So maybe there was some merit in the idea, even if it was a bit harsh and hard to swallow. The thing is that he was just expressing an idea, “spitballing” the problem. By firing the man, it, in effect, stifled any new thinking on how to handle the emergency. What good is a think tank, if it is limited to ideas that are only “inside the box”? The whole idea of brainstorming is to explore as many ideas as possible, even bad ones, in hopes of finding the best ideas.


People getting fired for expressing their ideas is not unusual, but it is wrong. Some ideas are terrible ideas, but in rebutting these ideas we might come up with some good ideas. Some ideas, like Nazism, are repulsive, but people should still be allowed the free expression of their ideas. I know that when I listen to someone with whom I strongly disagree, I try to pay closer attention to what they are saying, so that I will be able to present a better argument against them. Some ideas may be dangerous, but controlling ideas and punishing free thinkers is even more dangerous.


Long after his death, the spirit of Lenny Bruce still lives.


Peace & Love, and all of the above,


The Monkey Wrench, A Labor-Saving Device?

Monkey Wrench pic

Labor-saving devices in the home are great. Throwing a load of laundry in the washing machine is surely better than dragging a load of laundry down to the river and beating it with a rock. Labor-saving devices in industry, though, can be hazardous to the financial health of the laborers.

Labor-saving devices reduce the amount of work necessary to perform an operation. This makes things easier, but it doesn’t make thing better for a company’s workforce. If one person with a labor-saving device such as a computer can do something that used to take 10 people to do, 10 people don’t wind up with really easy jobs. One person winds up doing all the work, and 9 people are let go. Labor-saving devices are very good for the owners and stockholders of companies, but they do absolutely no good at all for the employees, or should I say former employees, of those companies.

This wasn’t always so. Back in our hunter-gatherer past, any labor-saving device was a boon to the entire tribe. The invention of the wheel, for instance, made it much easier to haul a big ole wooly mammoth from the spot where it was killed to the tribe’s cozy kitchen. Since the whole tribe didn’t have to drag the heavy carcass for miles, more people would be available to gather the fixin’s to augment the meal, the various grasses, tubers, nuts, fruits, and seeds that grew in the area. After the invention of the wheel, simple meals could become feasts, and back in those days, anything that made work easier for anyone in the tribe made life better for the whole tribe.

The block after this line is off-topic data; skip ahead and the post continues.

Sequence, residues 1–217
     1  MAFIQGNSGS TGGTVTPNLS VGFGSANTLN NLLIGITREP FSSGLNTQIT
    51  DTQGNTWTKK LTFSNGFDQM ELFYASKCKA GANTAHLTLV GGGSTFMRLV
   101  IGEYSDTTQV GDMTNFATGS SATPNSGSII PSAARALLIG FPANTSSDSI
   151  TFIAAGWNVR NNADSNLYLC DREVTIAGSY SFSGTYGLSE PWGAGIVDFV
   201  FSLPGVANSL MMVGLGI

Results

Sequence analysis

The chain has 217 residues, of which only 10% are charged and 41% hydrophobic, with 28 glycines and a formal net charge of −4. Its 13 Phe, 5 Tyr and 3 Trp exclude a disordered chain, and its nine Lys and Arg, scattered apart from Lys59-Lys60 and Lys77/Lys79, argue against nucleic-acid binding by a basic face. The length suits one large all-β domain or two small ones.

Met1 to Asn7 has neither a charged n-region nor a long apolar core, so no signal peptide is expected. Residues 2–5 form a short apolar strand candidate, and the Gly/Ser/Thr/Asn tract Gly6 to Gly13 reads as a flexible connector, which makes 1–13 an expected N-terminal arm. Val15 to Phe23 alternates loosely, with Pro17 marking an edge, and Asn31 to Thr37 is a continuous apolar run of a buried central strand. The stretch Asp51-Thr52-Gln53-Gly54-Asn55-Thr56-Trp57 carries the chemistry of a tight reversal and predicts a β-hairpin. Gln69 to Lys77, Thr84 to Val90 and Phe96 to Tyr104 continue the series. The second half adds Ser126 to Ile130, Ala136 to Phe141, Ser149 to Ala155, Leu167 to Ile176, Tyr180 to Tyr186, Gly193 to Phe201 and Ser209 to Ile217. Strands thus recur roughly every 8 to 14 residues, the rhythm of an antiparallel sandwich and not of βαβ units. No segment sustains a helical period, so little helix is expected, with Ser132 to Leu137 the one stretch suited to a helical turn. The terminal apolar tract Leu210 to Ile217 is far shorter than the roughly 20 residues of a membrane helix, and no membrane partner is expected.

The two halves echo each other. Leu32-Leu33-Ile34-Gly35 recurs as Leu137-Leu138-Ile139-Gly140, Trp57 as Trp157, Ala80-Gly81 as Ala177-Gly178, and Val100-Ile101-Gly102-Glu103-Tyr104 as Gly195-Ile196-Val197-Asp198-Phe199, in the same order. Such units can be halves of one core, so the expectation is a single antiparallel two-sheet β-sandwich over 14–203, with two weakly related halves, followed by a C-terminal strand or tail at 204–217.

Then somebody invented money, and people started paying others to work for them. It was a fair system, at first, with each side getting what they wanted, until around the Industrial Revolution.   Since then, thousands of labor-saving devices have been good news for employers, and bad news for their employees. With each new labor-saving invention, the employers could save money by cutting employees from the payroll. The rich got richer, and the unemployed went hungry. Income inequality on steroids. This led to some desperate employees trying to save their jobs by sabotaging the new equipment.

Back in 1991, I learned from watching Star Trek VI that the word sabotage came from poor workers in France, who wore wooden shoes called sabots, and tried to break the job-stealing machines by throwing their sabots into them.


Today I learned not to believe everything I see in the movies. I learned that, however, from another notorious font of misinformation, the Internet. According to Wikipedia, “those sabot-wearing labourers interrupted production by means of labor disputes, not damage.” So, I don’t know which story is true, but the Star Trek version makes a much better movie.

Either way, sabotage became a tool of organized labor.


Today, industrial workers have another expression, “Throw a monkey wrench into” which means to sabotage or frustrate a project or plans, as in She threw a monkey wrench into my plans for a one-night stand, when she told me she didn’t drink. Workers today are a lot smarter than those old French Sabot tossers. They know that a metal monkey wrench can do far more damage to a piece of equipment than some old wooden shoe. Plus, you don’t have to go home barefoot after you’ve completed the destruction.

Sabotage, like riot, though, “is an ugly thing.” In the end it hurts everyone. The employer loses money and the saboteurs wind up in jail. So how can we encourage the invention of labor-saving devices, without hurting organized labor. I think the simple answer is for employers to give stock in the company to the employees. Let the employees finally share in the benefits of new inventions. I know what you’re thinking.


I’m not saying that the employees should own the entire company, though, just a fair share of the company, enough to make them want to see the company prosper. That way when the company moves the factory to a foreign country, they won’t be completely screwed. They will, at least, see their stock rise.

Peace & Love, and all of the above,